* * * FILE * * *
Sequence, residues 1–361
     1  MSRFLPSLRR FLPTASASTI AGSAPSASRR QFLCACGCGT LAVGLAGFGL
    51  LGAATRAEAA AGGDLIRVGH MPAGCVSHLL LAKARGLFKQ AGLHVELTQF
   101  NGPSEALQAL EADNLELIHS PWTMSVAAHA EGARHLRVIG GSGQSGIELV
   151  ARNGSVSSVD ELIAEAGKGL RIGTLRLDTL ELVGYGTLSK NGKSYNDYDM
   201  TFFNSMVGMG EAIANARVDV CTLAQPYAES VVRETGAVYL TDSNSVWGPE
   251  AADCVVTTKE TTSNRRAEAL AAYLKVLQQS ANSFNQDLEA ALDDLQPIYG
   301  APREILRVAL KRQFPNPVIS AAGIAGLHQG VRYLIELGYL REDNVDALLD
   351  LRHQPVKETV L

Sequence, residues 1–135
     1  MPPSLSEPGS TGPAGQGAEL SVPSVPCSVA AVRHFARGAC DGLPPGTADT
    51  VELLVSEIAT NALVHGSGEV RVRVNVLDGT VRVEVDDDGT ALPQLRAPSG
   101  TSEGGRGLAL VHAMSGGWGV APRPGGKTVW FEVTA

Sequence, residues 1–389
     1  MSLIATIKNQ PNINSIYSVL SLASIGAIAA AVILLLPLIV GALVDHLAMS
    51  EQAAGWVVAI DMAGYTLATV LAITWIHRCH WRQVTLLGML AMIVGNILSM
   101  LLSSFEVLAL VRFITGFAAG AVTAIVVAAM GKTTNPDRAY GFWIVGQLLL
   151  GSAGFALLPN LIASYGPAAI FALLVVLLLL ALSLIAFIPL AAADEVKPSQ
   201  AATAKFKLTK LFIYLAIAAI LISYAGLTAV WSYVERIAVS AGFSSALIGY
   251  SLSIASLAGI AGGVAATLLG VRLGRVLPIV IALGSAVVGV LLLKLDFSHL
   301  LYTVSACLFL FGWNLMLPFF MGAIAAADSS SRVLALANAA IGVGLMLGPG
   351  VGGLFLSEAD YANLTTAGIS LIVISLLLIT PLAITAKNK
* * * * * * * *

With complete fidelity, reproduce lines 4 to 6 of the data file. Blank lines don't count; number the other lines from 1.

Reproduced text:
   101  NGPSEALQAL EADNLELIHS PWTMSVAAHA EGARHLRVIG GSGQSGIELV
   151  ARNGSVSSVD ELIAEAGKGL RIGTLRLDTL ELVGYGTLSK NGKSYNDYDM
   201  TFFNSMVGMG EAIANARVDV CTLAQPYAES VVRETGAVYL TDSNSVWGPE